Bob and I had watched a travel show a few years ago that included Bulgaria. We were surprised to see the rural way of life was more akin to the early 1900s where farmers still do a lot of the work by hand instead of with machinery. Horses and wagons are plentiful and it and the people enjoy a slower pace of life. Something maybe we could all use a bit more of. We have been waiting ever since for the chance to see Bulgaria. Dan, our guide from Bucharest took us across the border for the 12 hour day.
Crossing the Danube river, I find myself so excited to be in Bulgaria. It feels like going back in time and I love it. Our first stop was at the Basarbovo Monastery which is stunning. The Ottoman tax register mentions the monastery in the 1400’s but it is believed to have been established earlier in the Second Bulgarian Empire. Named after St. Dimitar Basarbovski who was a shepherd and lived in the rocks of the monastery, he died and was buried there in 1685. The story of St. Basarbovski extends to Romania where he is also revered.
During the Russo-Turkish War of 1768-1774, his relics were supposed to be transferred to Russia. However, when the saint’s relics reached Bucharest, the story says that people stopped dying from the plague. Upon the request of Bucharest residents, the remains were buried in Bucharest Romania.
The rock cave monastery was revived in 1937 and is still an active monastery today. During our visit we ran into a monk who questioned Dan as to whether or not we’d paid the small entrance fee. He assured the monk that we indeed had paid the lady who was now somewhere else on the grounds. I can only imagine what would befall us for not doing so!
PS. They have a bathroom you can pay a small amount to use. DO NOT DO THAT unless you can hold your breath for a very long time! As an open pit toilet without running water, it was overwhelming stench. Just a travel tip worth noting!
The village of Arbanasi
In the village of Arbanasi lives the Church of the Nativity, built in the 15th century. It is plain and ordinary looking on the outside and stunning on the inside. The wall paintings are beautiful and in one room resides a unique painting of ‘the wheel of life.’ The hand painted frescoes have different time frames, with the earliest ones dating back to the 17th century.
There was a Viking cruise tour at the church the same time as us and the rude guides tried to dampen our private tour by requesting we wait for them so they could enjoy the church alone. Dan professionally and deftly moved us into the church and to one of the rooms that were empty, where he shared his knowledge. His professionalism shined compared to the Viking cruise employee and was a reminder as to why I prefer to book a private tour!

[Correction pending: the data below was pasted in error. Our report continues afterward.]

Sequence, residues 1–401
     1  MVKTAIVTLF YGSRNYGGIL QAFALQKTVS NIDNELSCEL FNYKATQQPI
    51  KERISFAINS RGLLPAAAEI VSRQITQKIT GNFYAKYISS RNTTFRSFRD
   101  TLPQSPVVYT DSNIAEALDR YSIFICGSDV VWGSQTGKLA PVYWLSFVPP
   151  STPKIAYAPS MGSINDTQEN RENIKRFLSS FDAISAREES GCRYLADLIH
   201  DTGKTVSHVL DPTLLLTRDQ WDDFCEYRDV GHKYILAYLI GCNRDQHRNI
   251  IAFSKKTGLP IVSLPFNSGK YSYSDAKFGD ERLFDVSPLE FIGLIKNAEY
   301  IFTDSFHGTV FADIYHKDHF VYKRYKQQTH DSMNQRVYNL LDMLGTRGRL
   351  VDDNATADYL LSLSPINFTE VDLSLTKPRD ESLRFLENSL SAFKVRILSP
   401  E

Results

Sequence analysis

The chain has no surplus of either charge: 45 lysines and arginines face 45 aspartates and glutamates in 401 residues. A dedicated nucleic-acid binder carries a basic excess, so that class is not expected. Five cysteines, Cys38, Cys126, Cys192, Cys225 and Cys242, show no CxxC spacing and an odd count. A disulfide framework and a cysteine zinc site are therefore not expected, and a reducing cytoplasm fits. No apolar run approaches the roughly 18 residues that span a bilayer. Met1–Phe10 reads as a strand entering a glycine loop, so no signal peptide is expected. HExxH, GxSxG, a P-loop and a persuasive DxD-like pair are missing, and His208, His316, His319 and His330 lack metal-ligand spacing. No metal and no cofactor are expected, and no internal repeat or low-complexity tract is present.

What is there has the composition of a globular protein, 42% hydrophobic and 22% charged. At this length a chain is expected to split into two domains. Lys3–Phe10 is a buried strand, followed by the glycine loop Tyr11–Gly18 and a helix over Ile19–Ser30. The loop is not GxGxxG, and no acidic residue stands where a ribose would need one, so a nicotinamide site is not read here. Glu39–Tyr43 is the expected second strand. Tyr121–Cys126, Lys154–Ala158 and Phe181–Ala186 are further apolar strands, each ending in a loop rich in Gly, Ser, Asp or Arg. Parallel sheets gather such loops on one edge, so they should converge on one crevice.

Veliko Tarnovo is the former capital of the mighty Medieval Bulgarian Empire. At first glance it didn’t look like much with buildings in disuse and disrepair, but there was more to the city as we discovered. We climbed the hill to the medieval stronghold Tsarevets. During the second Bulgarian Empire (1185-1482), it was the home of the royal palace. The remaining church had different and macabre paintings on the inside. It seemed a bit odd.
And then I found out that Bulgaria must have the largest Easter bunny in the world! Just look at those eggs! Did you ever wonder why an Easter bunny had eggs?
Originating as pagan symbols of spring and rebirth, the ancient symbols merged together to also be associated with the Christian holiday. The symbolism, regardless of your religious or pagan beliefs, is worldwide today.
Needing to grab a bite to eat, Dan arranged a table with a view of the Yantra river for us at Restaurant Shtastliveca. Our view overlooked the Asen Dynasty Monument, which depicts the first four Asen rulers – Ivan, Peter, Kaloyan and Asen II as they encircle a sword.
While the restaurant serves pizza and pasta, we were seeking traditional Bulgarian food and we were not disappointed! Bob ordered a lentil and beet dish and I ordered stuffed eggplant and peppers with traditional Bulgarian cheese. I loved that cheese! I wish I could find it in California.
After lunch we walked around the town and I met a man who I liked very much because he let me talk and didn’t interrupt.
These two buildings were interesting because as Dan explained, you will notice the upper floors are larger than the bottom floor. This is due to the taxation of buildings. The lower floor footprint is what the property tax was based on. So if you built the next floors wider, the tax was not imposed. Also, in the medieval times, the animals were housed in the first floor with the family living above. Mmmm… bet that smelled great.
Travelling back to Bucharest, we ran into traffic at the border crossing and after having our car searched, along with every other car, we safely made it back to Bucharest.
We loved our short time in Bulgaria and definitely realized that we easily could’ve wandered around the country longer! But alas, it’s back to Romania and moving to Transylvania for a few days!